“Let’s go over the rules,” Mayuzumi said.
They were facing each other like they were having a tea party. Kotori was crawling on the water behind them, drenched all over as she moved forward. She touched a red flower and broke the stem.
She picked the flower and tore the petals with her teeth.
The shredded flower disappeared into her mouth. She ate like she was devouring prey.
Mayuzumi read the rules to the cat, keeping her eyes only on her. The cat listened with a smile.
“She made a wish to the witch, and a curse befell her,” Mayuzumi said. “A curse that prevented her from leaving the glass coffin.”
“So what do you think, lovely lady?”
Mayuzumi gracefully picked up a piece of chocolate in the shape of a flower and set it between her teeth.
The flower broke into pieces.
“There is no way to break only the curse. Kotori wished for something from you. Just like those who put their trust in the fox. If you make her renounce her wish, the curse will be lifted. Am I right?”
“Impressive. You’re on the right track. This is nice. I’m having so much fun.”
The cat smiled delightfully. Ignoring the pastry, she picked up a sugar cube for tea and munched on it.
Kotori wished something from the cat. Like the Little Mermaid, she asked a witch to grant her wish, and was cursed in turn.
To save her, the princess’s sisters cut off their hair and told her to kill the prince.
The Little Mermaid was the representation of the people I couldn’t save.
How could I save Kotori?
“Odagiri-kun,” Mayuzumi said. “First of all, you should stop Kotori-kun from eating flowers.” Her eyes remained fixed on the cat.
The sound of flowers being torn to shreds continued behind them.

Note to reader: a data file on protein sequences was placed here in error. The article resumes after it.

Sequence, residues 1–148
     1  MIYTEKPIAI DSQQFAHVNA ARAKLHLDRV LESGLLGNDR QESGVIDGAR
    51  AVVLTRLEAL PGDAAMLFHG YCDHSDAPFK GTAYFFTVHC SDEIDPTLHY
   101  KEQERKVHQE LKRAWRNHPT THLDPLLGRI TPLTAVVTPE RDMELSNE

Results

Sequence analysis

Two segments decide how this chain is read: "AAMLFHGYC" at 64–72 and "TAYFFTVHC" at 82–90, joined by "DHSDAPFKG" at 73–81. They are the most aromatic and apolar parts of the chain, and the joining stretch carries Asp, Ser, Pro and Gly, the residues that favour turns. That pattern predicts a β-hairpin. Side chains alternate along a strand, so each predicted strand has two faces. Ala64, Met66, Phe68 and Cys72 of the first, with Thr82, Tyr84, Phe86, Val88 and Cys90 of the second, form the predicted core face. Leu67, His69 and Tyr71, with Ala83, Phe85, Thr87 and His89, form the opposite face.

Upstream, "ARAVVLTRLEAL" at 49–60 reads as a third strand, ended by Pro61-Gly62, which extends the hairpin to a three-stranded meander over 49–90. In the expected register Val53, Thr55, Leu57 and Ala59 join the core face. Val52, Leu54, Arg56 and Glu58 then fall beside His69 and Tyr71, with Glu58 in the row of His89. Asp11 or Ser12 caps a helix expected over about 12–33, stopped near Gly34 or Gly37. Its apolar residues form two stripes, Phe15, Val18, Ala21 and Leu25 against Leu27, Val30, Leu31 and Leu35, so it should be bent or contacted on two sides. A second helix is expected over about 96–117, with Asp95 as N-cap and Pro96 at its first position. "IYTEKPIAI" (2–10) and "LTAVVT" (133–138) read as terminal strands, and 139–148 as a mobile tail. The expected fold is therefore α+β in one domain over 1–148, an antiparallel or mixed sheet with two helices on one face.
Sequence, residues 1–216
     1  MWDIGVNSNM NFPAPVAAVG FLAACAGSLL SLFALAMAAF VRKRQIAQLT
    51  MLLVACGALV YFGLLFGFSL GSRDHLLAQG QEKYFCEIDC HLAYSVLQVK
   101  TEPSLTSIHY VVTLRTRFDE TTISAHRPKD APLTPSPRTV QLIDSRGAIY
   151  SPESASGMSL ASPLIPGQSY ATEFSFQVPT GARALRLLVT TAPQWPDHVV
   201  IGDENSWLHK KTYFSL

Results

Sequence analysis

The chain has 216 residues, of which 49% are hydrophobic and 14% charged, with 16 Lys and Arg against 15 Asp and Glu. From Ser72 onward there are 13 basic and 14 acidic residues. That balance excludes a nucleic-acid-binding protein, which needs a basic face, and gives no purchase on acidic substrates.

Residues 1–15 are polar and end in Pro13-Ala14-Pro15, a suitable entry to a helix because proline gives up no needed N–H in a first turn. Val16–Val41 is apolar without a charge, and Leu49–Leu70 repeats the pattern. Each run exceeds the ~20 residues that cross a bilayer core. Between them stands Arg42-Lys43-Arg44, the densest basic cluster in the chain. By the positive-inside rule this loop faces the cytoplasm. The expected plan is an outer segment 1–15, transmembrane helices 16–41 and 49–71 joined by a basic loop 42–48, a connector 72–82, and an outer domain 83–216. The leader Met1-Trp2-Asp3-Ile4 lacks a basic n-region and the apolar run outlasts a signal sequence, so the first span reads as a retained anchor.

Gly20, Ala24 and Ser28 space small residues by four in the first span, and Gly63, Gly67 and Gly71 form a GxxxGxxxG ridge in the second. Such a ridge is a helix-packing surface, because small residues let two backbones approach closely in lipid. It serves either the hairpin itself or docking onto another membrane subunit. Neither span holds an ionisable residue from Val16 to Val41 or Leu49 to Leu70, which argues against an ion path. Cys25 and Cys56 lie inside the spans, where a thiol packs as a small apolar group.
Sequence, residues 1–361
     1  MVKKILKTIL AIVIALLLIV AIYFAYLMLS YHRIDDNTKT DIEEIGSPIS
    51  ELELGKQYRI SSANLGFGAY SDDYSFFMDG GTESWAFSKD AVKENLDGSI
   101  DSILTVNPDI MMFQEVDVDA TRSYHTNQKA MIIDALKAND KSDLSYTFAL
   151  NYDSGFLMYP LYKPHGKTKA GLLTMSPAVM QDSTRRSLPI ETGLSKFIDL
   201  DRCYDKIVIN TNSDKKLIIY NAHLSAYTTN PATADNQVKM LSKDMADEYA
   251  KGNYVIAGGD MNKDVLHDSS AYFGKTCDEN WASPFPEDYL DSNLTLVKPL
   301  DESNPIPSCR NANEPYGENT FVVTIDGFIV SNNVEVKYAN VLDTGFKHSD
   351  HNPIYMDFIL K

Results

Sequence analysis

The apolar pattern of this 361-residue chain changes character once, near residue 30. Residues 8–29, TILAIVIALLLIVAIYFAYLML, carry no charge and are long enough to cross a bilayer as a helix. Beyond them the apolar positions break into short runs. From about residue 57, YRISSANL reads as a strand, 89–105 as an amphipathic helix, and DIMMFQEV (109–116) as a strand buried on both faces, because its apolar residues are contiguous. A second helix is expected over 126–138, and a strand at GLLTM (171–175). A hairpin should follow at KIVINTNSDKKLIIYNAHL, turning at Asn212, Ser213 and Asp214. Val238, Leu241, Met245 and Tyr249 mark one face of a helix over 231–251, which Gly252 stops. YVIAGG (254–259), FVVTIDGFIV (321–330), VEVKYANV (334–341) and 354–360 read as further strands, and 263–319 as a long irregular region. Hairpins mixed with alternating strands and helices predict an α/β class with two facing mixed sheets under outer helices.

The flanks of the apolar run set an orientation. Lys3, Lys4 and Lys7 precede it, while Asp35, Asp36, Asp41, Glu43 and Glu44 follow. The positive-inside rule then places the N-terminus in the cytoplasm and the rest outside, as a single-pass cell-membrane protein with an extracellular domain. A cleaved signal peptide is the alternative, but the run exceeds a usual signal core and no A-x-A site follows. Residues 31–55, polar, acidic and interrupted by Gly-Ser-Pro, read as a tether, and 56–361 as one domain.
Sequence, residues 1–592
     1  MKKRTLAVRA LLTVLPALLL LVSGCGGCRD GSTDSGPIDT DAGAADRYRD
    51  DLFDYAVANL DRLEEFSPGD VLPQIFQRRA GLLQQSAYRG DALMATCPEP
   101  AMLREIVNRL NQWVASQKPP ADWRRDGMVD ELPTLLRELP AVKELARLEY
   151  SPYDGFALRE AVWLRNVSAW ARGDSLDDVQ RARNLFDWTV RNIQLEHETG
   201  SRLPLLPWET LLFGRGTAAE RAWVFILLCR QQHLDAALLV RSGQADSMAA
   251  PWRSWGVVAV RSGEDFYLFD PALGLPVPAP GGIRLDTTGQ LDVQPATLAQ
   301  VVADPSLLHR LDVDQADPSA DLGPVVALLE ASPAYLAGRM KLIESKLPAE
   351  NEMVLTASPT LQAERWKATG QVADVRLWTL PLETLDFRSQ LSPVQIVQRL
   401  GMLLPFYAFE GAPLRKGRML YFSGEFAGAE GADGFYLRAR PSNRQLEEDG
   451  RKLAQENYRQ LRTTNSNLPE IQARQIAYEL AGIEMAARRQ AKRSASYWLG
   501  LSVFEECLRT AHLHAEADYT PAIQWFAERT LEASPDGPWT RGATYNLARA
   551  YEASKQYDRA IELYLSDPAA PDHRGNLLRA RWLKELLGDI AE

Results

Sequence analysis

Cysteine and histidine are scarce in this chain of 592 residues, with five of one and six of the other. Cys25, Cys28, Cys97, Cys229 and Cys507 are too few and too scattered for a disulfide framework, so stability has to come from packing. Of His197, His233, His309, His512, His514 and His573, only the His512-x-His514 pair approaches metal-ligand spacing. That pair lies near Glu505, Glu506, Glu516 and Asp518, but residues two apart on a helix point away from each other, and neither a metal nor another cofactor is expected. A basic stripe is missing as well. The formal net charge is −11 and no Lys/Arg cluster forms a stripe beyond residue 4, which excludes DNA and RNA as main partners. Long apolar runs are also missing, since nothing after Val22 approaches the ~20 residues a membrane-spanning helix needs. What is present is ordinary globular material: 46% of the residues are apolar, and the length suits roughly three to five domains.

Kotori munched on the flowers without rest. The sight of her eating while shedding tears suggested an addiction.
“Those red flowers originally grew on the dead,” Mayuzumi added. “She shouldn’t be eating them. Though it appears the flowers here a little different. The issue is her odd behavior.”
It was as if the flowers had enchanted her.
Kotori looked up, confused, then flashed a broken smile. I walked up to her and bent down.
She cocked her head. “Hmm…?”
I quietly took away the flower in her hand. Kotori did not respond. She swallowed the flowers in her mouth as her big, clear eyes regarded me. Her small mouth opened.
And she screamed.
Kotori reached out a hand. Crying like a child, she tore the red flowers. I quickly grabbed her by the waist and pulled her away, but she kept resisting. Her palm brushed against my face repeatedly, her fingernails tearing at my cheeks. It hurt.
“Ah, ah, aaaaaaahhhh!”
“Please calm down, Kotori-san. That flower’s—”
Kotori stiffened all over and arched her back. Blood poured from between her teeth. Red foam spilled from her mouth along with drool.
“She bit her tongue!”
I inserted my finger on the edge of Kotori’s lips and forced her mouth open. I then pulled a handkerchief out of my pocket and shoved it into her mouth. The cloth turned red. She wasn’t losing much blood, providing me a slight sense of relief. She fell flat on the ground. I held her small back to prop her up. Her limp body was terribly heavy.